Repairing ecosystems is costly, but doing nothing is criminal

27 September 2019
Author   Bonani Madikizela
Biodiversity loss, water crises, alien invasive plants and climate change remain the top concerns. It is more urgent now than ever before to find tried and tested mechanisms that are key for mitigation, adaptation and a resilient future.
South Africa and the rest of the world are experiencing extreme weather events, including increased drought and flood frequencies, as a result of the climate crisis.  Under such conditions, resilience in society, business and the environment is central for preserving water security.
The Water Research Commission in partnership with the International Society for Ecological Restoration (SER), the South African National Biodiversity Institute and the departments of environment, forestry and fisheries and of water and sanitation hosted an environmental conference in Cape Town on September 22nd.
The conference established a community of practice that will be the voice of restoration needs and sustain its efforts. Resilient ecosystems and people are central for water security. The United Nations declared 2021-2030 the decade of restoration.
South Africa is largely unprepared to cope with a variety of threats, including climate change, natural ecosystem degradation and invasion by alien species. Most of the drivers of ecosystem degradation are a result of unsustainable agriculture, mining and emissions.
The department of environment’s ‘Working for Water and Working for Wetlands’ programmes are examples of how restoration can be mainstreamed into national policy.  In the 24 years since these programmes were established, billions of Rand have been spent on rehabilitation, increasing river flows and clearing alien invasive species.
Africa’s landscape is among the worst eroded, with serious threats to food security, prosperity and resilience in the changing climatic conditions. The global urbanisation rate is estimated at 70 percent by 2050. This change in settlements means the carrying capacity of the landscape and its ability to provide ecosystem services will decrease at alarming rates, affecting food production and business and furthering natural habitat and biodiversity loss, poor water quality, an increase in water-borne related diseases, species extinctions, expansion of alien invasive species, veld fire disasters and many more negative effects.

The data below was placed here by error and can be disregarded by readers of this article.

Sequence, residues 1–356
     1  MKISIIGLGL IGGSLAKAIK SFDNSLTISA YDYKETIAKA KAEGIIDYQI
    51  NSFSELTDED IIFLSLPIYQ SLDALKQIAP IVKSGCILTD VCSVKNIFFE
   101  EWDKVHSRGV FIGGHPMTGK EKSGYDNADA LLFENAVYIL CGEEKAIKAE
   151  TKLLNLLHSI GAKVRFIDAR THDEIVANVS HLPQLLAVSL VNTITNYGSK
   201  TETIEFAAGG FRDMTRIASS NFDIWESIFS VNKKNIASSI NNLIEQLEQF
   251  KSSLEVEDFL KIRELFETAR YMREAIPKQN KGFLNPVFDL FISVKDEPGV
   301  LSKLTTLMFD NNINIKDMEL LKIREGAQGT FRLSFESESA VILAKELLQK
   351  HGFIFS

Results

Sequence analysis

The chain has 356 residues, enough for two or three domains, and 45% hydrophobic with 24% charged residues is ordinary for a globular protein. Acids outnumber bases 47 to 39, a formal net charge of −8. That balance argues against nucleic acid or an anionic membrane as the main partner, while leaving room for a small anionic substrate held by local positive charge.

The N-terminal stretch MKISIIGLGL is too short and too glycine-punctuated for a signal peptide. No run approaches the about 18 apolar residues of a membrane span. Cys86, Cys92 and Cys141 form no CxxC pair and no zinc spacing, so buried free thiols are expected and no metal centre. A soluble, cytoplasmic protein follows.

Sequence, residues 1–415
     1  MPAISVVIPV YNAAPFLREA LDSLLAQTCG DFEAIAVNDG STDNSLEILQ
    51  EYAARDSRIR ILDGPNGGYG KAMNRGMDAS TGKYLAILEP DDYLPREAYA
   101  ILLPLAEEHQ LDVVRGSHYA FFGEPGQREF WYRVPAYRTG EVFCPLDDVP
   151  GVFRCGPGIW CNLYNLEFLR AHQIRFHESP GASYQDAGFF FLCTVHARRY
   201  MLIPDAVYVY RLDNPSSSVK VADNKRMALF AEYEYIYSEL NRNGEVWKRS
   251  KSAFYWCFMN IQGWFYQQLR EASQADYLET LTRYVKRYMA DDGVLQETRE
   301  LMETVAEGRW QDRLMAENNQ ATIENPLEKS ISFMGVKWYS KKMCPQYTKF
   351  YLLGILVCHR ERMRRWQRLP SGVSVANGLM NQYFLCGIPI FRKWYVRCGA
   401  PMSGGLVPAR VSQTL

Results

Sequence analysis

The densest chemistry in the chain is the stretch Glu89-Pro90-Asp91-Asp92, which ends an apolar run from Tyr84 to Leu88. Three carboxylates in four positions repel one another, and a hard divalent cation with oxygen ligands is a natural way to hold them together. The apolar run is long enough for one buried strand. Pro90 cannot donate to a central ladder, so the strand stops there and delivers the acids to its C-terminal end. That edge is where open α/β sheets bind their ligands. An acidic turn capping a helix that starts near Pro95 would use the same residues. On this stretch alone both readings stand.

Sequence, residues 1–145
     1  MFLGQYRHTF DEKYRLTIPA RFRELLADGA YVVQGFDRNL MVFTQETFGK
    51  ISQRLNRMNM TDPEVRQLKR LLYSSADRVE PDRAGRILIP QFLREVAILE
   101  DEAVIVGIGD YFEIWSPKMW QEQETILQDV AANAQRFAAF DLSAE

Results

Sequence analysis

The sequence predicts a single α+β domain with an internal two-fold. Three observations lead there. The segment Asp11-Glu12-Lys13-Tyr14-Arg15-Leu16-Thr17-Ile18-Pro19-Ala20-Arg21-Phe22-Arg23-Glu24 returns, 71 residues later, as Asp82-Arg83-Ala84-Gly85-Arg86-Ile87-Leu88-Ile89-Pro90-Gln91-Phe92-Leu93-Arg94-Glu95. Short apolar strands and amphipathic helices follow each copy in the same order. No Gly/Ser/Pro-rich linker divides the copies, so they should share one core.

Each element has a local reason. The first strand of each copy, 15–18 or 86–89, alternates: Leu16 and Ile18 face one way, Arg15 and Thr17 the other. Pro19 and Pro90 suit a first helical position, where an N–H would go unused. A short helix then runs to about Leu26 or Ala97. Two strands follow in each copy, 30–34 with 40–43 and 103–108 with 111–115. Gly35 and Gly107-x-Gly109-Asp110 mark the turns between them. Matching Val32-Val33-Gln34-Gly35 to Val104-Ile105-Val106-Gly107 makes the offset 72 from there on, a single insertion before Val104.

These can be prevented or alleviated through embracing integrated water catchment planning and development, and realising that cities are an important component of the landscape.
It is estimated that 61 percent of South Africa’s landscape is moderately to highly degraded.  Soil degradation alone costs the country nearly R2-billion annually in dam siltation and increased water treatment costs caused by pollution. The ecosystem degradation is generally from source to sea, intensifying in the middle and lower reaches, including estuaries.
South Africa recently identified critical water resource areas. These comprise only eight percent of our land but provide 80 percent of our water resources, mainly from mountainous areas. These “water towers” require urgent protection. Research has revealed that more than 80 percent of our rivers are threatened with pollution.
Of the 2,400 wetlands mapped so far, more than 50 percent are seriously degraded. Some have lost their structure and functions, and no long filter the water flowing through them. Similarly, of about 300 estuaries, more than 65 percent are highly polluted and degraded, which seriously threatens their fish nursery function and affects fishing and tourism.
Dams are not natural infrastructures, but are extremely important to support the economy of the one of the driest countries in the world.  More than half are in a highly polluted state, affecting their ability to serve the nation’s fast-growing population.
Protecting catchment areas is one of the key investment opportunities Africans can make to safeguard their environment and heritage. The Nature Conservancy, a global environment non-profit organisation, studied threats to landscape in 30 African cities in the Southern African Development Community and found that 28 of these can improve water security immensely by reducing soil erosion, which leads to sedimentation of dams, reduces water quality, hikes purification costs and creates nutrient loading of lakes and rivers.
An illustrative point is the 55-billion litres of water a year that are lost to alien and invasive plants in the greater Cape Town metro. More than R300-million is required to restore just a quarter of the degraded catchment area in KwaZulu-Natal. Billions are spent on managing alien plants, but more resources (beyond Global Environment Facility donor funding) are required to clear alien plants across South Africa.
It is critical for business and those who use the land to invest in the restoration of natural ecosystems. Nature-based solutions are much cheaper than other water security interventions, such as desalination.  Any further delays will only mean we incur more costs to achieve the same results.
Bonani Madikizela is the research manager at the Water Research Commission


The Windhoek Observer is an English-language weekly newspaper, published in Namibia by Paragon Investment Holding. It is the country's oldest and largest circulating weekly.

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